French people still tend to prefer French brands
One of the effects of the economic turmoil of the last five years is that many people are returning to brand loyalty. In this time of globalisation, it is a positive and somewhat unexpected outcome, proving that humans are really, well… human after all.
According to a recent poll in France, the trends amongst the French in terms of their brand loyalty show a clear pattern that reflects what we’ve been seeing anecdotally in Ireland.
According to a survey carried out by pollsters Syntec RP for newspaper La Tribune, four of the top five brands favoured by the French belong to French companies, Google being the only exception.
After the ubiquitous American browser comes food company Danone (up one place since the last poll in 2011), followed by Michelin, L’Oréal and EDF (Électricité de France). The common point between the first three most popular brands in the poll is that they are brands to which French people are exposed in their everyday lives.
“In this context of economic crisis, two criteria make the difference: The utility (the preoccupation by the company with being present in the minds of the consumer) and the constance of presence (index of coherence and stability in a difficult period).” So says François Miquet-Marty, associate director with consultants Viavoice.
Michelin inspires confidence
The titles are divided into thematic classifications. Thus, Michelin is the preferred brand in terms of quality of facilities and of the overall confidence that it inspires. On the environmental responsibility side of things, the brand that comes away with the trophy is another French one: cosmetics company Yves Rocher.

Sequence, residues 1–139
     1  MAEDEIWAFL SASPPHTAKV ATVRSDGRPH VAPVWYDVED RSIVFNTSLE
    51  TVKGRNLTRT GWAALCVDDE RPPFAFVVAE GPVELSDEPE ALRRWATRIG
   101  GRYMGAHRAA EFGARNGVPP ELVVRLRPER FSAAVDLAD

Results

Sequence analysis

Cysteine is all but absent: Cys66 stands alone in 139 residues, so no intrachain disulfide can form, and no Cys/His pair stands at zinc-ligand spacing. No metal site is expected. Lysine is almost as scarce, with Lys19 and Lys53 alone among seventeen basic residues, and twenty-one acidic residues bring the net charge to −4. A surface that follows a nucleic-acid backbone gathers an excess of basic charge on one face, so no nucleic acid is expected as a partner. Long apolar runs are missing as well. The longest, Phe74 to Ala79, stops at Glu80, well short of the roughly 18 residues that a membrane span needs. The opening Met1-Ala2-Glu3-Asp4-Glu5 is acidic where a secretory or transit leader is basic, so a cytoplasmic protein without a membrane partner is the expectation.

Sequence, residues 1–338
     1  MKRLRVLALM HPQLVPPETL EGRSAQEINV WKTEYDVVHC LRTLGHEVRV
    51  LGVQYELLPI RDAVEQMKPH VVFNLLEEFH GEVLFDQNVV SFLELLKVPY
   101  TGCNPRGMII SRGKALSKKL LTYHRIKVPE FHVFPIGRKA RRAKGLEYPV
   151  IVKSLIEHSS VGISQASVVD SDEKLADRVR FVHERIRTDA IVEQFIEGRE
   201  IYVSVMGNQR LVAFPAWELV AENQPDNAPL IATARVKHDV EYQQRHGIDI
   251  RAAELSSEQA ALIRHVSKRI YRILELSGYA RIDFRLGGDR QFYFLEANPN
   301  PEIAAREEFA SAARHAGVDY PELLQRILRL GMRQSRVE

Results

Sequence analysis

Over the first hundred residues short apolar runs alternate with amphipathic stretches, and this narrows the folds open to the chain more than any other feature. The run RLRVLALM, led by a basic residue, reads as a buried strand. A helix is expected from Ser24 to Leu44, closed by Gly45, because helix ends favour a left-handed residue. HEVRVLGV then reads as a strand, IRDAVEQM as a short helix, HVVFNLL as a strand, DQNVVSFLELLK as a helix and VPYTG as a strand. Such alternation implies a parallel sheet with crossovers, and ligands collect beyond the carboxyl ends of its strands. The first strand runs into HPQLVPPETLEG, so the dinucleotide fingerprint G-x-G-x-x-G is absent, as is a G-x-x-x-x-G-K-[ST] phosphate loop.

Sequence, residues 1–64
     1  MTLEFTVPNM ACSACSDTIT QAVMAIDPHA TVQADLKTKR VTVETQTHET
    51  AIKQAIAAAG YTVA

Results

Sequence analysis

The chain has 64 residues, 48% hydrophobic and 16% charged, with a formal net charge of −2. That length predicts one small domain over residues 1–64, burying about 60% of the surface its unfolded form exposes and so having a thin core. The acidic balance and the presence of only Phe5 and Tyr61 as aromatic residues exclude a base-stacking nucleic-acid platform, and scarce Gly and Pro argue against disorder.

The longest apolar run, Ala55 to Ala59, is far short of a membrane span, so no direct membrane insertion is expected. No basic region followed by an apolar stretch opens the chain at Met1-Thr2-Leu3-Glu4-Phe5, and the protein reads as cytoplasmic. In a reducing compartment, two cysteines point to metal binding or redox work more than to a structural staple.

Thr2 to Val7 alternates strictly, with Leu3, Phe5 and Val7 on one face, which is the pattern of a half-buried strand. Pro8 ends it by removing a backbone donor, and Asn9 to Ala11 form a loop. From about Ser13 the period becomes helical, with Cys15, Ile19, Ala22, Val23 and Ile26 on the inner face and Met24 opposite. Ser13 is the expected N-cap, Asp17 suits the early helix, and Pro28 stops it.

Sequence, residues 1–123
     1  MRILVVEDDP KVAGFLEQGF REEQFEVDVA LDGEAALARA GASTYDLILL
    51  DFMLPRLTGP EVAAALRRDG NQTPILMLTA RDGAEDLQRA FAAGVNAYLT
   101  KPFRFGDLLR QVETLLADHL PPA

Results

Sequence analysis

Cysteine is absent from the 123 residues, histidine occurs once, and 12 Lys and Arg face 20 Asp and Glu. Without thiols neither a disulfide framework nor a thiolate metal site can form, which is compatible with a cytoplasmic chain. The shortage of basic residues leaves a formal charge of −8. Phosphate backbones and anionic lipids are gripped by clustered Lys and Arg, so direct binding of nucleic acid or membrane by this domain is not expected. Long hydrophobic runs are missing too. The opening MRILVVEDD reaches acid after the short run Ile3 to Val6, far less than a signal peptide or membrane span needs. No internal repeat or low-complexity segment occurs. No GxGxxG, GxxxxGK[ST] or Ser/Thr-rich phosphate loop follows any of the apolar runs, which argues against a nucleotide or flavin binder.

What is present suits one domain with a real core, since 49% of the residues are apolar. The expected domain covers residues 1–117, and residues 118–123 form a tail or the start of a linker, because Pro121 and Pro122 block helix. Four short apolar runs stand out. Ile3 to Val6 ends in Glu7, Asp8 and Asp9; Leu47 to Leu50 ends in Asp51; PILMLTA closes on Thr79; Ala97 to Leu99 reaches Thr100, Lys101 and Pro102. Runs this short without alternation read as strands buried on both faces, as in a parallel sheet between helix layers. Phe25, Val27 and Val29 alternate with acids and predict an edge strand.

There is a note of caution for French firms in this, however: The survey has revealed a lowering across the board in the reputation stakes compared to the results of 2011. Consumers are becoming more and more critical, commercially aware and cynical in their attitude towards brands. The overall climate of doubt is maintained by the succession of social conflicts, and food and public scandals.
Those surveyed put more importance on factors such as a restructuring plan or poor employee-management relations ahead of other factors that can have a lasting effect on the image of a company. Consequently, automotive companies are heavily punished in the classification system that has just come out. Even though the car manufacturing industry in France is traditionally a very strongly supported one by French citizens, Renault is down to 22nd position in this poll while Peugeot is in 23rd and Citroën is in 24th in a survey involving 34 companies with a presence in France.